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Screening of “Brief Tender Light” at MIT Museum

Brief Tender Light, a new documentary from Ghanaian filmmaker and MIT alumnus Arthur Musah that follows four African undergraduates through MIT will be screened at the MIT Museum on March 20 at 6 -8pm. A Q&A with the filmmaker and one of the film’s stars, Philip Abel Adama, will follow the screening. This free event […]

Baran Mensah

Baran Mensah: Savoring college life in a new country

MIT senior Baran Mensah recalls taking apart his toys as a child, curious to see how every piece worked. When his mother explained to him what an engineer was, he knew that’s what he wanted to be. Mensah wasn’t particularly familiar with the culture of MIT while growing up in Ghana. But for the last […]

Kwesi Afrifa

Building technology that empowers city residents

Kwesi Afrifa came to MIT from his hometown of Accra, Ghana, in 2020 to pursue an interdisciplinary major in urban planning and computer science. Growing up amid the many moving parts of a large, densely populated city, he had often observed aspects of urban life that could be made more efficient. He decided to apply […]

Government’s invisible hand in developing countries

In the countryside of northern Ghana, there is not much evidence of government in action. There are few paved roads, state buildings, or law enforcement officials. It is easy to think the state lacks the resources to control much of anything in such places.  “In the rural periphery of the developing world, we tend to […]

Frequent encounters build familiarity

Do better spatial networks make for better neighbors? There is evidence that they do, according to Paige Bollen, a sixth-year political science graduate student at MIT. The networks Bollen works with are not virtual but physical, part of the built environment in which we are all embedded. Her research on urban spaces suggests that the […]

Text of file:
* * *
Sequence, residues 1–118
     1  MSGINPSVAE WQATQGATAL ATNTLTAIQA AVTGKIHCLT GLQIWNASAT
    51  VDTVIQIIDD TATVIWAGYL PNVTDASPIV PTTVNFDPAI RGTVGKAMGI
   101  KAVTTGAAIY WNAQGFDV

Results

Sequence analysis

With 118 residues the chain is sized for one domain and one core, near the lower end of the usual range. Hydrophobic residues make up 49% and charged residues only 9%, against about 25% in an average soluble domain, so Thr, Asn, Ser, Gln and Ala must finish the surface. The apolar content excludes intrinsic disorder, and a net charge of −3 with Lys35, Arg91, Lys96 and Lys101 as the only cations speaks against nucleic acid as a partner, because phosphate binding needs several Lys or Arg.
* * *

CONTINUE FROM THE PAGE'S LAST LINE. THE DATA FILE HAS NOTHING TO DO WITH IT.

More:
Academy in Ghana aims to develop world leaders

Carl Kwaku Dey MBA ’21 graduated this month with not only a degree from the MIT Executive MBA (EMBA) Program, but also with plans to open a school in Ghana serving children in kindergarten through eighth grade. He’ll do so with the support of nearly 40 of his EMBA classmates, who helped with fundraising, branding, […]

Transforming lives by providing safe drinking water

As a child, Susan Murcott ’90 SM ’92 saw firsthand the long-term impact that water- and food-borne illness can have on people. At age 16, her maternal grandmother contracted polio, which can be transmitted through direct contact with someone infected with the virus or, occasionally, through contaminated food and water. As a result of the […]

Startup empowers women to improve access to safe drinking water

In Ghana’s Northern Region, thousands of villages rely on water from artificial ponds during the region’s long dry season. The water is unsafe to drink and results in thousands of water-borne illnesses each year. Worse yet, the situation is totally preventable. Cheap, locally available water treatment solutions exist to make the region’s abundant surface water […]

Digitizing supply chains to lift farmers out of poverty

Millions of cocoa farmers live in poverty across western Africa. Over the years, these farmers have been forced to contend with geopolitical instability, predatory loan practices, and a general lack of information that hampers their ability to maximize yields and sell crops at fair prices. Other problems, such as deforestation and child labor, also plague […]

It all adds up

The International Mathematical Olympiad (IMO) is more than a math competition for high schoolers: It’s also a springboard for subsequent success. The MIT delegation that annually dominates the Putnam Mathematical Competition is largely composed of alumni of the IMO and related math competitions. Many of these mathletes remain involved by producing training or prep courses […]